alarmedly submitted by Cityslikr

Where The Rubber Meets The Road

October 17, 2013

If you’re reading this, chances are you already know my rather strong views on private automobiles. carhateBluntly, I can’t stand them. I fucking loathe them, in fact. At my most vituperative, I see them as the root cause of all that’s blighted cities and social connectivity since World War II.

Yes, I can be unreasonable on this particular issue.

My car-hatred is much more nuanced than that, hopefully at least. I’ve had some of my greatest travel moments on road trips, seen stuff I’d probably never have the time to see otherwise. In fact, I came across this little gem over the Thanksgiving weekend just north of the shores of Lake Erie. Never would’ve happened without being behind the wheel of a car.

But as a form of commuting on a daily basis? And designing and building cities around that form of transportation? An unmitigated disaster in terms of, not only liveability, but pressures it puts on the public purse.

You see, the conventional wisdom holds that to build, maintain and operate the road network needed to accommodate private vehicle use costs much more than the revenue brought in by users of that system. In short, we subsidize lifestyles based around car use. roadtripThose dependent on their vehicles to get around aren’t paying their fair share.

Of course, by ‘conventional wisdom’, I mean people like me who are trying to imagine a post-car city which is not a city without cars but one where they’re down the hierarchy of how people get from point A to point B. Those who don’t necessarily share my views may see things another way. They will point to all the money they hand over to operate their vehicles. Gas taxes. Licensing and registration fees. Insurance. Parking. Parking tickets.

The problem is, there’s not enough actual data to point to in order to settle the argument and, more importantly, set good public policy. There are dribs and drabs, fragmentary information here and there that only really ever seem to back up one’s particular point of view. That’s what makes the Conference Board of Canada’s report, Where the Rubber Meets the Road: How Much Motorists Pay For Road Infrastructure, so important.

It starts to put some meat on the bones of this debate.notenoughinformation

Now whether or not it’s grade A, prime cut meat, that’s for another day. I haven’t read the report thoroughly enough to pass judgement on the methodology (and not entirely sure I could even if I wanted to). I’m just so happy it’s out there, ready to be talked about.

A couple things jumped out at me.

“The report finds that road users in Ontario cover a significant portion of road infrastructure costs…”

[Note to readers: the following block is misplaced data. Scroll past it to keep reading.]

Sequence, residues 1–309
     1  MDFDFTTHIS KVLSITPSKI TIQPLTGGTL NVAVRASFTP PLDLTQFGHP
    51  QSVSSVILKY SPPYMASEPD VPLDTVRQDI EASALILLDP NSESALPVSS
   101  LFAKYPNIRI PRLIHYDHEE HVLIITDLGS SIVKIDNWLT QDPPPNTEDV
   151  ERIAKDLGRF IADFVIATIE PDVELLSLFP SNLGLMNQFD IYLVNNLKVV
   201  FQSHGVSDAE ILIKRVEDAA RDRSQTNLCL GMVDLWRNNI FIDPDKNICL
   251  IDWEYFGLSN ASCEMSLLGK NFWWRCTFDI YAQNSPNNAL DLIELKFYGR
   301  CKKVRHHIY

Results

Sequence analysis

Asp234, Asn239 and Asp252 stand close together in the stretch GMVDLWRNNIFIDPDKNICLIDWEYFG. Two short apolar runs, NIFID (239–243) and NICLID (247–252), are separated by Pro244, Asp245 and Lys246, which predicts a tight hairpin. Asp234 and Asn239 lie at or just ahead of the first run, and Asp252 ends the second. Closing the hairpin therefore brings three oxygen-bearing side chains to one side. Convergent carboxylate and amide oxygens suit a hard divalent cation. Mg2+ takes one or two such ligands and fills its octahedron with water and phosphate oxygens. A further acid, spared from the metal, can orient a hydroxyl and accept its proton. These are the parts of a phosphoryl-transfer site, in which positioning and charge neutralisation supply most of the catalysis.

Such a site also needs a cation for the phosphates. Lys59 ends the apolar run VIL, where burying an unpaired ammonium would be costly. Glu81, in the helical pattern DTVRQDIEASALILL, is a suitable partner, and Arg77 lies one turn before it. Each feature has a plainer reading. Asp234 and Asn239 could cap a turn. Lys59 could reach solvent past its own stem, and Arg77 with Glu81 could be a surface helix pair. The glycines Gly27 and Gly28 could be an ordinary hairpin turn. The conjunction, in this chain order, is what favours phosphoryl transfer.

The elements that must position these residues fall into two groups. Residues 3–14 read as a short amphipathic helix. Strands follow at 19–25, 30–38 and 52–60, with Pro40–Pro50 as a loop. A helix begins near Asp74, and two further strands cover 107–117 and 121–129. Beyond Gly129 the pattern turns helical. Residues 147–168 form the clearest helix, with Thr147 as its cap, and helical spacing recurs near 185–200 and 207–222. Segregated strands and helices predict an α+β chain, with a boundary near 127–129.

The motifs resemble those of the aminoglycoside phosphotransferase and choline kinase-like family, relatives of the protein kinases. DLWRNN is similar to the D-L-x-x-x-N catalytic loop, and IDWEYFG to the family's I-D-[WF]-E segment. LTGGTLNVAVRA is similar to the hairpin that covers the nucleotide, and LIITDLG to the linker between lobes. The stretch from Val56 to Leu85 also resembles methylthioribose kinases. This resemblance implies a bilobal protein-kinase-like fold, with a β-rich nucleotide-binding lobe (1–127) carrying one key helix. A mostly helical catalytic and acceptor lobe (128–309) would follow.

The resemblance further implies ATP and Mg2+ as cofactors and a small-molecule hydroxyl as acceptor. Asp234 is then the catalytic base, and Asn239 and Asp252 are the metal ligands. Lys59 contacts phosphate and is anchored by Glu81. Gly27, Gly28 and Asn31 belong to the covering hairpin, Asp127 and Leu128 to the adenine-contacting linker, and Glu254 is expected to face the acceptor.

To my mind, ‘a significant portion’ is not the full portion. So that the costs associated with building and maintaining our road networks are more than the revenues generated from those using the networks. In other words, drivers are being subsidized.

“…  and that cost recovery [revenues through taxes, fees and fines etc.] in the GTHA is higher than it is for the province as a whole.”

As Tess Kalinowski writes in the Toronto Star, “… Toronto-area drivers paid about $3.7 billion in fuel excise taxes, licensing fees, fines and other expenses, wimpycompared with $2.7 billion that governments spent on building, policing and maintaining the region’s roads” while in Ontario as a whole, “…drivers generate about $7.7 billion in revenue and the province and municipalities spend between $10 billion and $13 billion on roads.”

That suggests while drivers in the GTHA are more than covering the costs of roads they use, they’re subsidizing drivers in the rest of Ontario for their roads. In other words, we’re being short-changed here. Leading to this future exchange when Metrolinx starts talking about revenue tools for the Big Move: Why should I be paying for transit in Toronto? I don’t know. Why is Toronto paying for your roads in Petawawa?

Again, let me repeat, these are all numbers that haven’t been widely vetted and in no way should be treated as set in stone. The conversation has just begun.

For me though, the real eye-opening number in the report is the cost of owning a vehicle. Over $10, 000 per household in 2011. That is a whole whack of cash and highlights why many drivers honestly believe they are more than paying their way. How couldn’t they be? 10K a year! And now we want more from them?

It’s not enough to just respond with a shrug and say, If you don’t like it. Get rid of your car. This entire region outside of a small portion of the downtown core has been built on the promise that you can get to wherever it is you want to go, cheaply and quickly, in the comfort of your own private vehicle. roadrage3Maybe that was once true. Turns out not to be the case anymore.

We have to offer better alternatives before demanding everybody leave their cars behind. We can only do that if we honestly start calculating the full costs of how we get around this city, this region, this province. I suspect Where the Rubber Meets the Road doesn’t do that to everyone’s satisfaction but it’s a start. That’s what every journey begins with, right? A start.

hopefully submitted by Cityslikr